Life with Liz: A season to give thanks
We’re now knee deep in the holiday marathon. Although it’s the kickoff to the madness of Christmas, Thanksgiving has always been my favorite speed bump between the sugar rush of Halloween and the overwhelming cheerfulness of Christmas and the new year. It seems that for the third or fourth time in as many years, we’re trying yet another “new” tradition. We still plan to do a little bit of travel, but instead of falling over the holiday, A and I will be spending a few days in Philadelphia as he has several days full of tests and doctor visits.
We’re going to be heading out of town with friends for a few days as well, so it seemed like it would be a good time to park our butts at home, continue with our home projects and relax. While I’m busy making sure we have enough paint brushes and cleaning supplies so that I don’t have to leave the house on Black Friday, our change of pace has also given me a little bit of time to sit back and be truly grateful for this past year.
I feel like starting out with a little Dickens: “It was the best of times, it was the worst of times.”
It’s funny how things that feel like the worst of times can sometimes bring out the absolute best in people. Over the past year, I’ve found myself in the middle of a divided community, a troubled nation, an ever-changing work environment and, of course, a home life that has been chaotic.
With the terrible mass shooting in Pittsburgh a few weeks ago, the famous Mr. Rogers quote made the rounds on social media: “Look for the helpers.” I realized that those helpers are the people that have made this crazy year survivable.
First, I look to my family. The Wonderful Husband and the kids have been impacted greatly by some big decisions we’ve made together as a family, and some that I or the WH made on our own. Tempers have flared, accusations have been made, fights have been ongoing. It hasn’t been easy, but there have been times when I’ve needed it the most that they’ve picked up the paint roller, or actually managed to put their laundry away in the right drawer, or made dinner, and it was just the help that I needed and a reminder that when push comes to shove, we are always there for each other.
Secondly, I look to my friends. So many of my friends have been going through their own crises this year, whether it’s an ailing parent or family member, professional changes, or the myriad other challenges that come with being an adult. Yet, they all still managed to find time to reach out when they knew I needed them most. They’re there when I need to cry and always make me laugh.
Then, there’s my job. Sure, it would be nice to be independently wealthy and sit by the pool and eat bonbons all day, but until then, I’m so very lucky to have not one but two jobs right here in my own backyard. One of them is an international leader in a competitive, cutting-edge technology, and the other is our local newspaper. The pressures and challenges provided by each of them couldn’t be more different, but they are both exciting in their own way. I’m also blessed with some of the best co-workers ever. Since there are days that I spend more time with them than I do with my own family, getting along with them is critical. I’m grateful to be part of a team that works together like we do.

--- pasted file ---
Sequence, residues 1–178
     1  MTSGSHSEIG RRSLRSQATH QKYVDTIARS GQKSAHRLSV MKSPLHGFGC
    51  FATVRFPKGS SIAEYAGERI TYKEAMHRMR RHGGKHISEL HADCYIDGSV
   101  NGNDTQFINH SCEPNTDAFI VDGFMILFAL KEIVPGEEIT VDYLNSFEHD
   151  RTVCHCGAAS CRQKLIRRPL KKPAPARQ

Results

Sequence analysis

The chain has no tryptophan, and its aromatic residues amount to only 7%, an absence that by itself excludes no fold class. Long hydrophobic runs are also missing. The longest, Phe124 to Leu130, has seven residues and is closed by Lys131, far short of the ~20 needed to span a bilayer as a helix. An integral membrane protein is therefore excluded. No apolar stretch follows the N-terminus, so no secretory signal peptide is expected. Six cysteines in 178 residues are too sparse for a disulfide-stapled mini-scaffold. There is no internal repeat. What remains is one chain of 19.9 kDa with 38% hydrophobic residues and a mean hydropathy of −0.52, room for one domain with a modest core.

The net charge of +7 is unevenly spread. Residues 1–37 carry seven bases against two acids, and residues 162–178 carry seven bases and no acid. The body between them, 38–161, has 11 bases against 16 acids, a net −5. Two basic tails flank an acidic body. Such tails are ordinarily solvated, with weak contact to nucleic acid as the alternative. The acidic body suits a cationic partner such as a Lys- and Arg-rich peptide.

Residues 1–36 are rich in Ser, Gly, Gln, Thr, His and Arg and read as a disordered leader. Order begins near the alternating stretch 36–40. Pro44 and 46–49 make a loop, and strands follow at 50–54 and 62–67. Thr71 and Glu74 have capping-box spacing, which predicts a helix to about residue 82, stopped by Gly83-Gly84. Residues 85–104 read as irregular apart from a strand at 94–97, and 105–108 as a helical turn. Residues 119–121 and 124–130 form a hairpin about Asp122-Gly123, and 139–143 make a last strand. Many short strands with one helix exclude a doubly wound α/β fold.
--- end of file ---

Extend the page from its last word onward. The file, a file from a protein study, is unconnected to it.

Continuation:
Finally, there’s my community. Coming back to a small town was always what I planned to do. There are pluses and minuses, and some days, I do question my decision. Some of the challenges that have faced our community recently have had me questioning if it’s too late to change my mind and leave for greener pastures. Once again, though, when I look for the helpers, I see people who are really, truly changing lives every day, and I am proud to know them.
One neighbor, LL, never ceases to amaze me. Although she’s battling her own personal issues, she never, ever fails to leap into action the moment someone needs help. Whether she was updating Facebook with the needs of our neighboring communities that flooded earlier this year, or helping my son collect cans for his school food drive, or collecting spoons for homeless veterans, LL is one of the people who is making a difference in lives every single day, and I’m so proud to know her.
Every single day, I am grateful for the efforts of my children’s teachers. These are the people who spend more time with them many days than I do, and as I sat in G’s conference a few weeks ago, with his two amazing educators, I realized just how much they really do care for him as if he were their own. Without a doubt, they make every other one of the 40-some children they teach feel that way, too. As A navigates the choppy waters of middle school, I am grateful for the quick note a teacher dropped to let me know that she enjoyed having him in class. These people are making my children into better people with their caring, their compassion, and their commitment to getting the best out of my kids, and for that, I am so very grateful.
And, last, but certainly not least, I am renewed by the strength that I’ve recently seen in our community, as a group of dedicated volunteers has rallied to try to combat school violence in an intelligent, methodical way. The hours that these people have committed beyond their families, their jobs, the stacks of laundry that are surely piling up, is humbling. The people that we’ve met and conversed with in other similar groups around the country is inspiring. There really are good people in the world, trying to make it a better place every day.
So, this Thanksgiving, I am thankful for all the helpers out there doing what you do. This world would be an ugly place without you. It’s early for my new year’s resolution, but I already know that my goal for next year is to not only recognize the helpers, but to be more of one myself.
Liz Pinkey is a contributing writer to the Times News. Her column appears weekly in our Saturday feature section.